Hackathons are volunteer-driven technology building gatherings usually between 30 to 200 strangers gathering around a certain technology or social problem. Teams form around project ideas, and build them in a day or so. It's a race against the clock to find an idea, make prototype and to demonstrate it at the end of the event. There's usually a judging panel who award a prize.
People make friends, skip sleep, and learn something new. Hackathons usually organise over weekends in empty conference or university buildings, which get scattered with computers, whiteboard diagrams, sleeping bags and pizza boxes.
FarmHack organises hackathons for agriculture challenges. It's founded by Anne Bruinsma.
We don't organise one-off events. We curate for the big questions, and challenges in agriculture. For each event we make sure we have the right people present who can work on these challenges, and we provide the relevent data, and technology to get cracking.
Like most hackathons, Farmhack attracts highly-skilled people: farmers, software developers, agronomists, product designers, electronics engineers, a diverse range. They get to play around freely, try new things, and apply their skills to interesting challenges.
Our first Farmhack was on a potato farm in the south of The Netherlands, near the Belgian border. A bunch of agronomists showed up, talking about how they spot little problems with growth of a crop somewhere in the fields, and how it was so important to remember to come check on it later.
They had an idea for a phone app to do this, but the computer science students they teamed up with disagreed. Their idea had too many gaps, and wasn't technically viable.
They ended up making Digital Eye, a tractor-mounted camera that automatically takes snaps of points of interest each time a tractor drives by.
Another FarmHack was called "The Internet Of Pigs." It was hosted right in the middle of Holland's pig farming region, called "De Peel". There are only pig farms for miles around, and the smell of ammonia hangs unavoidably in the air, from the endless stream of pig pee.
There, one team tackled a problem that every pig farmer has given up on: it's impossible to weigh them. Have you ever tried to weigh a pig? They're strong, slippery and well, pig-headed.
But farmers need to choose which pigs are ready for slaughter based on weight. Open source software to weigh pigs using pictures existed, but the camera hardware needed was too expensive.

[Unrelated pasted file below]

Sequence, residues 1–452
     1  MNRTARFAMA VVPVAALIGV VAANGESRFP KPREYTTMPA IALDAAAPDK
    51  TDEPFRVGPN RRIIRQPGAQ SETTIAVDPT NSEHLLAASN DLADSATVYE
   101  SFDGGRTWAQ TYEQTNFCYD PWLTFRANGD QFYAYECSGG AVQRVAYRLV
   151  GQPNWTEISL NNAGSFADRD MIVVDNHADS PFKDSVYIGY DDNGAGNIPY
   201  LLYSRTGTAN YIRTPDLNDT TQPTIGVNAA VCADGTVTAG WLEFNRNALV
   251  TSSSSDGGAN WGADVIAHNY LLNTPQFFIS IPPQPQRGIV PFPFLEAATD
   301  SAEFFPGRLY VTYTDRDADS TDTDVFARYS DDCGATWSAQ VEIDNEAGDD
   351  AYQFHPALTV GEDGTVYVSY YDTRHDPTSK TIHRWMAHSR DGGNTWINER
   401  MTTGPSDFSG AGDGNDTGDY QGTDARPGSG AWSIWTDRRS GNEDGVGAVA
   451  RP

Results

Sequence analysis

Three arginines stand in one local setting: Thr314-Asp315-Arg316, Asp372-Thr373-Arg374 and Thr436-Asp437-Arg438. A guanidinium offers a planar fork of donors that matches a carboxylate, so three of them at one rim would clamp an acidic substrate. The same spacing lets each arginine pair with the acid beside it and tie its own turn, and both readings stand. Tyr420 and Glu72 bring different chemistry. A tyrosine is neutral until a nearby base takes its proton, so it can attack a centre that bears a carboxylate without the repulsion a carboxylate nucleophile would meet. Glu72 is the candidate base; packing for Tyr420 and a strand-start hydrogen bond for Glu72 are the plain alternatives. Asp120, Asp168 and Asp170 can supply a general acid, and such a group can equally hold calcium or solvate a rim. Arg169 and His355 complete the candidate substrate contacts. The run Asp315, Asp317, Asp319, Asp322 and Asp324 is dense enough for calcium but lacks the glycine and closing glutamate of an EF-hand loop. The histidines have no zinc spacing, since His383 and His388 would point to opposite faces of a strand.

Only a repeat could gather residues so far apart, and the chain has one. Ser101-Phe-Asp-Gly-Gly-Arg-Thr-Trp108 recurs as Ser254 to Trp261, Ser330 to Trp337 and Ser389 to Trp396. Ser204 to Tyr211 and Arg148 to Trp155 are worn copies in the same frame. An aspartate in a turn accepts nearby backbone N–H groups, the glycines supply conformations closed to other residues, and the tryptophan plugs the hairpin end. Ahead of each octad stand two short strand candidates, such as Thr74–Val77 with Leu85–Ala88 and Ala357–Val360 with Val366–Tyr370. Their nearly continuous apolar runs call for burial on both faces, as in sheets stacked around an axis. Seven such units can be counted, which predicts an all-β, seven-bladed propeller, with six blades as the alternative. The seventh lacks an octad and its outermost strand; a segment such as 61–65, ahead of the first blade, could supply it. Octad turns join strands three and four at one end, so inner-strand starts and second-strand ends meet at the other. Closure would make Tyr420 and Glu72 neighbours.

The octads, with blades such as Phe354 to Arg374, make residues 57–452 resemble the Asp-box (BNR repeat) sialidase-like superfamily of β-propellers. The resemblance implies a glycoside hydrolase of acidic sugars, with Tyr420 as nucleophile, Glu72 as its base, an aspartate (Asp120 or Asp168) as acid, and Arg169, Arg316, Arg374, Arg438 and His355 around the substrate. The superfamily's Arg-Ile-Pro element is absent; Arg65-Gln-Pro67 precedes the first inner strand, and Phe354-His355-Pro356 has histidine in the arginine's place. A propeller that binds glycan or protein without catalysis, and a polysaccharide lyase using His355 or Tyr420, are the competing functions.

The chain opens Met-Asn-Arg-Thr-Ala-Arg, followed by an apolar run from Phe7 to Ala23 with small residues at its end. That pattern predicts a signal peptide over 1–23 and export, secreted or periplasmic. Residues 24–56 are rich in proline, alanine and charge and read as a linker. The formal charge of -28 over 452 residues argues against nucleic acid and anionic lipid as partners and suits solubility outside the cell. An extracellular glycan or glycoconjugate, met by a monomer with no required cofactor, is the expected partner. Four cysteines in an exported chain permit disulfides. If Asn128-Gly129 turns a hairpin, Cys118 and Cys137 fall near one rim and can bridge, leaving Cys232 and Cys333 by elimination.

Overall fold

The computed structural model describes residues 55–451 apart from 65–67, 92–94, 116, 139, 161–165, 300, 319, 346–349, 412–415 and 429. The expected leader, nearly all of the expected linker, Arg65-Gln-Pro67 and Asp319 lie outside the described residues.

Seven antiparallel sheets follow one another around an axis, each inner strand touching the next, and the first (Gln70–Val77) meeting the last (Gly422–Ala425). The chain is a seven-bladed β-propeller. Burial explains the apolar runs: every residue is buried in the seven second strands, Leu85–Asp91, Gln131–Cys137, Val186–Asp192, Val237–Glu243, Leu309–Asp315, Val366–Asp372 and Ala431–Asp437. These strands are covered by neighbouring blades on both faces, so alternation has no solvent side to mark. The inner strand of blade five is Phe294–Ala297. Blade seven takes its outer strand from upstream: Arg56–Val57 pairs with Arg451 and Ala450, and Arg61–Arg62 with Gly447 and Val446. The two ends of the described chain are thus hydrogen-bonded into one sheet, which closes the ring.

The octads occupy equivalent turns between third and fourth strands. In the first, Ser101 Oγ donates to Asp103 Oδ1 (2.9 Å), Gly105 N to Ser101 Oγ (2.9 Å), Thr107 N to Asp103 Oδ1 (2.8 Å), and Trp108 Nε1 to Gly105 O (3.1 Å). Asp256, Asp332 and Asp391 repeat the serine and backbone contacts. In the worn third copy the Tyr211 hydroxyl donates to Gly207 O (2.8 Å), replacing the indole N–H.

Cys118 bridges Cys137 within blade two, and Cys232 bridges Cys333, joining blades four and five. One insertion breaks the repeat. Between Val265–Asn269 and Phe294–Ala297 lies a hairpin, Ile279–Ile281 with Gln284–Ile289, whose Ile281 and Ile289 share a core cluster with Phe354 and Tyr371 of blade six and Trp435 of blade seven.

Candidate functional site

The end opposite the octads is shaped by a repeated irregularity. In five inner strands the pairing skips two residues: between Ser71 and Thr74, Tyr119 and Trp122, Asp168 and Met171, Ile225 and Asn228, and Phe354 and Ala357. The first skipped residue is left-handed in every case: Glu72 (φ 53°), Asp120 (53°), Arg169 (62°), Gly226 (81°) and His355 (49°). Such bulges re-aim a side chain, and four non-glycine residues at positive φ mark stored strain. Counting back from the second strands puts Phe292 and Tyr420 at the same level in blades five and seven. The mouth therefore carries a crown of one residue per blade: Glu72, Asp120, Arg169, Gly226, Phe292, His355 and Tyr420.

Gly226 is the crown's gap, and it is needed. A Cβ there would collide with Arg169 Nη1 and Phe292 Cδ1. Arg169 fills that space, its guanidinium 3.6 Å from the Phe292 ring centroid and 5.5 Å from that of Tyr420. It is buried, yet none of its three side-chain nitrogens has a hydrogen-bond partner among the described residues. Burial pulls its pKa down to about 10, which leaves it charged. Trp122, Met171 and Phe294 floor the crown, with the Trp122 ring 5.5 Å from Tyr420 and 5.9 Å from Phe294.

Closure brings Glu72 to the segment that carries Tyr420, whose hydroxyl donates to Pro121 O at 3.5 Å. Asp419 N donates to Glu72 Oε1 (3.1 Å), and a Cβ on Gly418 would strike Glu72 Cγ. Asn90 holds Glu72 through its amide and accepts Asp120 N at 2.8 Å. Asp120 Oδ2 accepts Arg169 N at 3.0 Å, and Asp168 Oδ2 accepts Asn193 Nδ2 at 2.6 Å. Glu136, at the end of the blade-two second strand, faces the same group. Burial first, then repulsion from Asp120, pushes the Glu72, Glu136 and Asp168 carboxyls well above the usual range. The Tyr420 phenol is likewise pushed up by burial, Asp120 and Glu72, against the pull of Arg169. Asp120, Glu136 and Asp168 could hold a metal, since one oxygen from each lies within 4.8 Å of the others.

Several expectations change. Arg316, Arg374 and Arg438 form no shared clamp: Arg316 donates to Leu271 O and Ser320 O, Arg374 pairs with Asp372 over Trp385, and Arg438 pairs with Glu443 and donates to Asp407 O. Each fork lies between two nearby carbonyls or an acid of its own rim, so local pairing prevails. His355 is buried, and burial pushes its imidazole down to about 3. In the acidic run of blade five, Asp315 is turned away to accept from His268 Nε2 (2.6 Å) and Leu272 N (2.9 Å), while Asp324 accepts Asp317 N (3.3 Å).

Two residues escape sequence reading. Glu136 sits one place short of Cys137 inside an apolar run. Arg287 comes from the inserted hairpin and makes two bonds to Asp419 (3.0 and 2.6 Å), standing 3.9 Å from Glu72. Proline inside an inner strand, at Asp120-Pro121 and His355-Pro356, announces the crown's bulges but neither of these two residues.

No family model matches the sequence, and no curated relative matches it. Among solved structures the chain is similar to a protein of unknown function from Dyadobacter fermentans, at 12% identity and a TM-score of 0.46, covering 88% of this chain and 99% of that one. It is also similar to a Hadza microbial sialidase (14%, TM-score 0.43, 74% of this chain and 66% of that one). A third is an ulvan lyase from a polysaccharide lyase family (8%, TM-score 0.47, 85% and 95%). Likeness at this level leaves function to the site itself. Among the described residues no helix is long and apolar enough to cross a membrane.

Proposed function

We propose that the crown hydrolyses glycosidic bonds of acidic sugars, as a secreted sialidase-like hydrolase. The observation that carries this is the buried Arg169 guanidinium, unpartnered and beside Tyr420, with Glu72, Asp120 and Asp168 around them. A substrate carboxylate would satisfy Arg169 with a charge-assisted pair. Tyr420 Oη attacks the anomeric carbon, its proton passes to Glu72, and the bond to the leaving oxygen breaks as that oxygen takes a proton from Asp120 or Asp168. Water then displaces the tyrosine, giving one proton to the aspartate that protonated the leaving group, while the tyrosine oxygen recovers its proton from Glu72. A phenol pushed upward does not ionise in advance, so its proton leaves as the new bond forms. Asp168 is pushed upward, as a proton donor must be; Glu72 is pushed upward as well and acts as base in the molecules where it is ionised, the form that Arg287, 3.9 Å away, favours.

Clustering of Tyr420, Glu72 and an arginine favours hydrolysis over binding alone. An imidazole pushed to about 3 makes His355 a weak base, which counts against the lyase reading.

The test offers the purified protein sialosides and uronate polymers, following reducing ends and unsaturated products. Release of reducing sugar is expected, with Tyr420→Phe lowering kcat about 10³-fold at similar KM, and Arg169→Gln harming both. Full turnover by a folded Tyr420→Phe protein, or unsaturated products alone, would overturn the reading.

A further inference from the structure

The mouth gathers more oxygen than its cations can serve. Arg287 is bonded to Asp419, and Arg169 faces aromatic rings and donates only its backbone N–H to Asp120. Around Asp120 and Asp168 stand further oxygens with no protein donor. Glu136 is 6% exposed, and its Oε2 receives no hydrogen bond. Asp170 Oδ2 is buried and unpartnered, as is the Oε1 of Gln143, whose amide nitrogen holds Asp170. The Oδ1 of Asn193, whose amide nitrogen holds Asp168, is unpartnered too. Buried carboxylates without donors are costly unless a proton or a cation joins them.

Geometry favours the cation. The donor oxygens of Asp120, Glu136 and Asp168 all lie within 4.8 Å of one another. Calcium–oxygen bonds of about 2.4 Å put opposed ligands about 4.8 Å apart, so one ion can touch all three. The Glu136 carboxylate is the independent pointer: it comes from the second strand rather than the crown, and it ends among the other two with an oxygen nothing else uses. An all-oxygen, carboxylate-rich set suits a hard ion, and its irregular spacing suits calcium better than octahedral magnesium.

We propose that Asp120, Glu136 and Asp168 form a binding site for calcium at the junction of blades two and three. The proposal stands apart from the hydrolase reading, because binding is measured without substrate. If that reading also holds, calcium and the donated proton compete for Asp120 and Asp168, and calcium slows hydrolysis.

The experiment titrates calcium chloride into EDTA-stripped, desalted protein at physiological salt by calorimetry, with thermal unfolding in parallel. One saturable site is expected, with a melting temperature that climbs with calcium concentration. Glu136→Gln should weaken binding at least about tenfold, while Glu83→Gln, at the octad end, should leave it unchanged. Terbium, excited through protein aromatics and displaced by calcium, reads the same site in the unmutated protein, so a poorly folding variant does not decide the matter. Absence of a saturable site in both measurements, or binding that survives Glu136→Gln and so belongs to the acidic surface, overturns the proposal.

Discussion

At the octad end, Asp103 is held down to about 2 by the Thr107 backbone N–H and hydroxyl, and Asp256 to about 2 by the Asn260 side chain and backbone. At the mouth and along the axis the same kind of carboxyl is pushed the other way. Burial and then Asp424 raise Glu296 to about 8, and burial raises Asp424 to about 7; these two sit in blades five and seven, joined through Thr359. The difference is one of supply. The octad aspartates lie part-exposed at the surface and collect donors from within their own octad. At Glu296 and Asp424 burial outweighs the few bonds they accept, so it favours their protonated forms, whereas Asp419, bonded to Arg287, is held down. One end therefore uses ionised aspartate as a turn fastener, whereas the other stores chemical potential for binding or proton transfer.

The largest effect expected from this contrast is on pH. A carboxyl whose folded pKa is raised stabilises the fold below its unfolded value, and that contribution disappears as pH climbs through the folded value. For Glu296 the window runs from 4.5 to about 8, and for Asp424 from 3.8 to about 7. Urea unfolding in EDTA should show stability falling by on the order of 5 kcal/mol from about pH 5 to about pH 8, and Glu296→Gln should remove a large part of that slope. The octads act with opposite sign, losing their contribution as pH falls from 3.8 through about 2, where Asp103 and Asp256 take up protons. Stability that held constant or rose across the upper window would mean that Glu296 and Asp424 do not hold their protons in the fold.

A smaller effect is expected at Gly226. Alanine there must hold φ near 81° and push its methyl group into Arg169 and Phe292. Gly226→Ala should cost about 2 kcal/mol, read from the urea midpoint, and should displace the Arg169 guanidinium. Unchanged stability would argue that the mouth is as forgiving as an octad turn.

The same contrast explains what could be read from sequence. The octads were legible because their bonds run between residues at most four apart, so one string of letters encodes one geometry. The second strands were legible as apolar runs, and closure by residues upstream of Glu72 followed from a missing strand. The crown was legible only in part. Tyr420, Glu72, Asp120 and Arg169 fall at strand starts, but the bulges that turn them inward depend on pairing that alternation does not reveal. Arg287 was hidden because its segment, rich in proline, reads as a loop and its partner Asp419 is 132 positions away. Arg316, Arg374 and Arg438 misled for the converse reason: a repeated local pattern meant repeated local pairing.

An embedded software engineer from Intel spotted this, and he had a hunch that mobile phone cameras could work. Thirty hours later, he released a freely available app for any pig farmer to weigh their pigs with just their phone.
At our hackathons our participants experience each time that they find everything they need to take on challenges in the domain.
For those from outside the domain, say the machine learning specialist, we offer an easy way into domain expertise, and possible applications for big issues in agriculture. For those already involved in agriculture, we offer new vantage points on technological possibilities by drawing in people from outside.
It's funny. Software companies see no real priority to build such an innovation space for themselves. They are scared of the perpetual nature of real innovation, where they would rather define clear steps, and stops for their projects. They are only interested in technology that generates direct revenue for them. On the other hand government, and research organisations just doesn't get it. They are always behind on what's real.
So Farmhack has turned into this social enterprise with a niche, a dedicated safe space, where anyone can learn about the possibilities for technology in agriculture. Initially, I just set it up for my own learning, but now it's a communal thing.
What it has taught me is that this is actually the fastest way to learn. The effort is in bringing together the challenges that are relevant to our stakeholders, especially the farmers. But once you've got it together, then collaborations emerge quickly, and you can see what's really possible, even within the limited timespan!
Hackathons provide a fun structure that enables people to start serious side projects. They offer an inspiring environment to try new things, remove the need for "good ideas" to start, connect people who can address skill gaps, making everyone productive with deadlines and competition.
Providing this bit of structure is enough to stimulate people to engage, and enough to consistently produce valuable results. Overall, the experience shows people they're capable of a lot more than they thought. They get empowered.